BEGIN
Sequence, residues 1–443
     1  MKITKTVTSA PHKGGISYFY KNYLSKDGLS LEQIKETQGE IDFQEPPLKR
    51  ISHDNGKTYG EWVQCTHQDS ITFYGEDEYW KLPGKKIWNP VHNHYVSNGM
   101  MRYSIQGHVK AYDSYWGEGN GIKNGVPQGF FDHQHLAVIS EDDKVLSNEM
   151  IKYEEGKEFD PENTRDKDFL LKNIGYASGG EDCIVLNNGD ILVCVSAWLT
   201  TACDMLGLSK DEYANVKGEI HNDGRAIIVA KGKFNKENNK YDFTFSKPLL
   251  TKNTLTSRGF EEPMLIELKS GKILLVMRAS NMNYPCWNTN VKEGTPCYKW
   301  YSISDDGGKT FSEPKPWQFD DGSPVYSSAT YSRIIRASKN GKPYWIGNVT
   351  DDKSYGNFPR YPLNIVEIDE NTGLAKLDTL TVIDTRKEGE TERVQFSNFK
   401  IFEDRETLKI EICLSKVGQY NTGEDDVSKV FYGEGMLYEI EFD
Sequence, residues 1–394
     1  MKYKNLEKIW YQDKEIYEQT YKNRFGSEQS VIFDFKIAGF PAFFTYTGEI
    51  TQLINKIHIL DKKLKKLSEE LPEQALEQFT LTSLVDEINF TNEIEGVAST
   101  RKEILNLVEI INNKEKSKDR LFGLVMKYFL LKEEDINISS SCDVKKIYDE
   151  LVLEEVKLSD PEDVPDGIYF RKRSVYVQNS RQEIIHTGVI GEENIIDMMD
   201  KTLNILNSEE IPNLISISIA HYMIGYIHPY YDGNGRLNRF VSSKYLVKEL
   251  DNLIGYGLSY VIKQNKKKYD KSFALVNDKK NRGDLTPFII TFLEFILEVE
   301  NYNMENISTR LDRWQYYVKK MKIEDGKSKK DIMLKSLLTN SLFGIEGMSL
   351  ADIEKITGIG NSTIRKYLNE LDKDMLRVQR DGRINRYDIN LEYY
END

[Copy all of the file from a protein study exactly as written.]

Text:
Sequence, residues 1–443
     1  MKITKTVTSA PHKGGISYFY KNYLSKDGLS LEQIKETQGE IDFQEPPLKR
    51  ISHDNGKTYG EWVQCTHQDS ITFYGEDEYW KLPGKKIWNP VHNHYVSNGM
   101  MRYSIQGHVK AYDSYWGEGN GIKNGVPQGF FDHQHLAVIS EDDKVLSNEM
   151  IKYEEGKEFD PENTRDKDFL LKNIGYASGG EDCIVLNNGD ILVCVSAWLT
   201  TACDMLGLSK DEYANVKGEI HNDGRAIIVA KGKFNKENNK YDFTFSKPLL
   251  TKNTLTSRGF EEPMLIELKS GKILLVMRAS NMNYPCWNTN VKEGTPCYKW
   301  YSISDDGGKT FSEPKPWQFD DGSPVYSSAT YSRIIRASKN GKPYWIGNVT
   351  DDKSYGNFPR YPLNIVEIDE NTGLAKLDTL TVIDTRKEGE TERVQFSNFK
   401  IFEDRETLKI EICLSKVGQY NTGEDDVSKV FYGEGMLYEI EFD
Sequence, residues 1–394
     1  MKYKNLEKIW YQDKEIYEQT YKNRFGSEQS VIFDFKIAGF PAFFTYTGEI
    51  TQLINKIHIL DKKLKKLSEE LPEQALEQFT LTSLVDEINF TNEIEGVAST
   101  RKEILNLVEI INNKEKSKDR LFGLVMKYFL LKEEDINISS SCDVKKIYDE
   151  LVLEEVKLSD PEDVPDGIYF RKRSVYVQNS RQEIIHTGVI GEENIIDMMD
   201  KTLNILNSEE IPNLISISIA HYMIGYIHPY YDGNGRLNRF VSSKYLVKEL
   251  DNLIGYGLSY VIKQNKKKYD KSFALVNDKK NRGDLTPFII TFLEFILEVE
   301  NYNMENISTR LDRWQYYVKK MKIEDGKSKK DIMLKSLLTN SLFGIEGMSL
   351  ADIEKITGIG NSTIRKYLNE LDKDMLRVQR DGRINRYDIN LEYY